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What’s causing your slow network speeds?

By Gladys Alegre-Kimura, Global Product Marketing Manager, HP Networking

 

Gladys Alegre KimuraYou know the feeling—you spend your out of office time on your home wireless network and everything you want to accomplish can be done on your array of mobile devices with no problems. But then later, when you’re back at work you encounter roadblock after roadblock using your mobile devices; either log-in issues, slow load times, or other complications. Now imagine this problem multiplied across all the employees in your organization. That’s a lot of potentially frustrated wireless users—so how do we make sure they enjoy the level of connection they’re used to and have come to expect in their daily lives?

 

Obviously one of the big differences between the home and office is, as we mentioned, the sheer number of devices the corporate network needs to handle. It’s easy for a small environment to handle 3 or 4 active devices at a given time. A large office park or campus is significantly different from that kind of environment—with numerous more device types connecting, which in turn makes for more complexity. But that doesn’t mean you have to throw up your hands and just accept poor performance. Network managers can rely on some techniques and best practices to keep wireless users happy. The following video examines some of these techniques and practices: 

 

 

Knowledge is the key to keeping your end users happy, knowledge of how they interact with your network, knowledge of where you may have blind spots institutionally, and also knowledge from data and analytics. As the video demonstrates, those areas of knowledge can be roughly boiled down to:

  • Visibility. You can’t fix what you can’t see. Visibility of the individual devices connecting to your network allows administrators to troubleshoot quickly.  And that quick response to trouble, sometimes before the user even knows there is a problem, is one way to keep those on your network happy;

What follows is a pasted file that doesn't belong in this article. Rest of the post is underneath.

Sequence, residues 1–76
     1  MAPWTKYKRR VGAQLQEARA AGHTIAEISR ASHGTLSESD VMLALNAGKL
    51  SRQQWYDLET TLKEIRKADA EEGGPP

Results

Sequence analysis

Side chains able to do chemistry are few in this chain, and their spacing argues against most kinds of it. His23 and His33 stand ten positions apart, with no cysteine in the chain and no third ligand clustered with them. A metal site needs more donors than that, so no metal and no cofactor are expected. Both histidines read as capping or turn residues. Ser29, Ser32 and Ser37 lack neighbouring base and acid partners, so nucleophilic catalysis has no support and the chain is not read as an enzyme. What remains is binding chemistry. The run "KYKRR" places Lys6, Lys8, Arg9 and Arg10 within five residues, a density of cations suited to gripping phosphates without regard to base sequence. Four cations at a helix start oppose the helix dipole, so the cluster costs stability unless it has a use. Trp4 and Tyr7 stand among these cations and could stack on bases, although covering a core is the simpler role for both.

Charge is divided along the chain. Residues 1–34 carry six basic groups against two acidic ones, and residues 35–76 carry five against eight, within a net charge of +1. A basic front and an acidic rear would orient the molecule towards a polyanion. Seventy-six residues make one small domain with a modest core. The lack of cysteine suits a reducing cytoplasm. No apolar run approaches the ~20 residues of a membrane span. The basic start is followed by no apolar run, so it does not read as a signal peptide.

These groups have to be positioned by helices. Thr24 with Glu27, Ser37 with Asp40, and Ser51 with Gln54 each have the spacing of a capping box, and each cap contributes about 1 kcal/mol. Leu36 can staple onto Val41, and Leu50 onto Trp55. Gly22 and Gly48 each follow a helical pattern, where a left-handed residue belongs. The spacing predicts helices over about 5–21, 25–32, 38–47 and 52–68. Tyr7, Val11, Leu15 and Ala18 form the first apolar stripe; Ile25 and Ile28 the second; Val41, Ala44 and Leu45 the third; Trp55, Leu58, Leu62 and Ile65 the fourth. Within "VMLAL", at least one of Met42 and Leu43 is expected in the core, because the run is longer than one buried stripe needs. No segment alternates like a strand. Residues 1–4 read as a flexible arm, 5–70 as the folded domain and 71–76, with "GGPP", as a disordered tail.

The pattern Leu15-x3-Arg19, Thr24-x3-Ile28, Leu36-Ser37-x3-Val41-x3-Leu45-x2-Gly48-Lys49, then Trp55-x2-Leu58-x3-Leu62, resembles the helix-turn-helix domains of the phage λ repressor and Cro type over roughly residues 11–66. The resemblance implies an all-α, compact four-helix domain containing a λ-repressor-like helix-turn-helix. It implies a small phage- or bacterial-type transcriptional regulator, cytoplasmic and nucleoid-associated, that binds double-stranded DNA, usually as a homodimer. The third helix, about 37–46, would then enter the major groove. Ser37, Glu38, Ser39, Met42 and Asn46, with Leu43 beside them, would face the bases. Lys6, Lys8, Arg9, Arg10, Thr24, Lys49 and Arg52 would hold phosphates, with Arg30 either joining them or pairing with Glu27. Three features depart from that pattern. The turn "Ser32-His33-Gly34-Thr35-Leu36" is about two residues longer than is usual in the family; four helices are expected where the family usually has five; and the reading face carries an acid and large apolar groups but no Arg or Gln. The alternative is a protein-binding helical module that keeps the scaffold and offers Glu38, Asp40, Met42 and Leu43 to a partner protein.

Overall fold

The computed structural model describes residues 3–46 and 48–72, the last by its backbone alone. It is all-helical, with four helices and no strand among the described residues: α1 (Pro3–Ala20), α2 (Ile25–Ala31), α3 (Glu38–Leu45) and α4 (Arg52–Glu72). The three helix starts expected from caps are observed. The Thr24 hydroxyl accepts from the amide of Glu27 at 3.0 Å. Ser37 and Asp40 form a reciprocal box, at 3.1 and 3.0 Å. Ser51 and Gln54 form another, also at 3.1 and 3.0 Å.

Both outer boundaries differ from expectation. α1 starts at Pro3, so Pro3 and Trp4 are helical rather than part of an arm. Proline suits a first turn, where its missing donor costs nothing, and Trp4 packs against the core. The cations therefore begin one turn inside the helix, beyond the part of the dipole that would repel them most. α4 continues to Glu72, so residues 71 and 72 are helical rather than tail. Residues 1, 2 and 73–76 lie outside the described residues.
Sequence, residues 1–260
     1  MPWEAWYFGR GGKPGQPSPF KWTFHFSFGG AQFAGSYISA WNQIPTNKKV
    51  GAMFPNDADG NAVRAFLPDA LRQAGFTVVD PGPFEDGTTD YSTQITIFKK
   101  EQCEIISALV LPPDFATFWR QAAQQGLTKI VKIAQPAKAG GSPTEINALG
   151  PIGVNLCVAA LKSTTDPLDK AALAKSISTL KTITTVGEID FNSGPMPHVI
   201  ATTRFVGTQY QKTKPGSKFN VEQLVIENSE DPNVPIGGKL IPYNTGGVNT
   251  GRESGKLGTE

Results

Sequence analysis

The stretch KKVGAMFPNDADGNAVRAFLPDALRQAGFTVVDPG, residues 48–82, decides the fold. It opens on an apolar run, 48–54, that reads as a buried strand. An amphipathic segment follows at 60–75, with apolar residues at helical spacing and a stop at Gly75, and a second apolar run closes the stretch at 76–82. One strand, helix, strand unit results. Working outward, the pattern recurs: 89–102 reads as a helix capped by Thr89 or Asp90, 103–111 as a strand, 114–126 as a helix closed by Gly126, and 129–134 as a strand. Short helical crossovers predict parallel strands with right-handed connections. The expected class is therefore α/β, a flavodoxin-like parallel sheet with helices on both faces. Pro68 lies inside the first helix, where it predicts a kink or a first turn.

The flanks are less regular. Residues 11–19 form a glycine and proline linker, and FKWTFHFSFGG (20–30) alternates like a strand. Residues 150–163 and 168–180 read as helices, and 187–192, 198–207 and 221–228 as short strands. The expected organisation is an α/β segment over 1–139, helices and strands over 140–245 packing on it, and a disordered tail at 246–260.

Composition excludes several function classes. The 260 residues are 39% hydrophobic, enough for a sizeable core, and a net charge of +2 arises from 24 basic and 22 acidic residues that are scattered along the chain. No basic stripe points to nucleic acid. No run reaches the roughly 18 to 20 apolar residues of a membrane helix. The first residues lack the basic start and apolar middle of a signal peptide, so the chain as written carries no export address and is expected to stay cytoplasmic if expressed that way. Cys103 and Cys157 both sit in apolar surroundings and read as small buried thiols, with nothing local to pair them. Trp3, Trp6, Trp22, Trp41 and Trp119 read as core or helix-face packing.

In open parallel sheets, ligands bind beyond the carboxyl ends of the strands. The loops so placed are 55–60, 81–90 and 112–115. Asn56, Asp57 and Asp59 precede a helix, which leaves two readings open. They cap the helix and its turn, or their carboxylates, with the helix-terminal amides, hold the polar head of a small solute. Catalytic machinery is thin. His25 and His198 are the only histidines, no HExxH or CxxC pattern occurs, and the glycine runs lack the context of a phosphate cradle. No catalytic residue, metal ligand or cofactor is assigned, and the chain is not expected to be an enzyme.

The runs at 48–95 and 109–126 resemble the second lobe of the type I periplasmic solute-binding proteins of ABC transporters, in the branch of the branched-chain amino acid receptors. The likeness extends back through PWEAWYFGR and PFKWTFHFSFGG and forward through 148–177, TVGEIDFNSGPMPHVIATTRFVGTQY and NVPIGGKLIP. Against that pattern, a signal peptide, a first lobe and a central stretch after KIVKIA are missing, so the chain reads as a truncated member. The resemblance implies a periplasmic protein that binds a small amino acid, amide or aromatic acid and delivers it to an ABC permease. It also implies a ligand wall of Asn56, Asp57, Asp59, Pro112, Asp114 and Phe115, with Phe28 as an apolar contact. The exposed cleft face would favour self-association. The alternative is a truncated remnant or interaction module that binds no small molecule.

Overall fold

• Comprehensive monitoring and management—including tools to optimize your deployment strategy. Simply put, use tools to predict optimal wireless coverage for your physical infrastructure. Make sure that the banks of microwave ovens and the lead-lined wall of your cafeteria aren’t getting in the way of signal strength. Again, having knowledge and insight into what may be holding back your network is key; and
  • Performance Monitoring—in other words, intelligence gathering on how your wired and wireless infrastructure is performing and how device clients interact with it. Correlating data between all three entities allows you to discover errors or misconfigurations that lead to a poor wireless experience. 

wireless,speed,wlan

 

HP networking solutions can help you ensure that your users are able to avoid the poor wireless performance they've had to endure in other settings. With a comprehensive approach to your wired and wireless networks you can make sure your staff is productive and your IT staff is able to focus on keeping them that way.

 

For even more information about HP networking solutions and how to keep your end users happy, 

>> For more information about the HP Wireless LAN solutions visit www.hp.com/networking/wlan

 

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<< Previous Blog: Improve Wi-Fi experience while avoiding interference

Martine Velkeniers explains how RF interference affect your Wi-Fi speeds at work leading to lower satisfaction and performance. Read on to know how RF interferences can be detected, managed and mitigated.

>> Next Blog: Why a “Unified Network” saves you time and money

Dragana Beara talks about deploying a unified network solution designed for unified access, BYOD, security, and unified management and how it reduce TCO by 47%.

 

 

 

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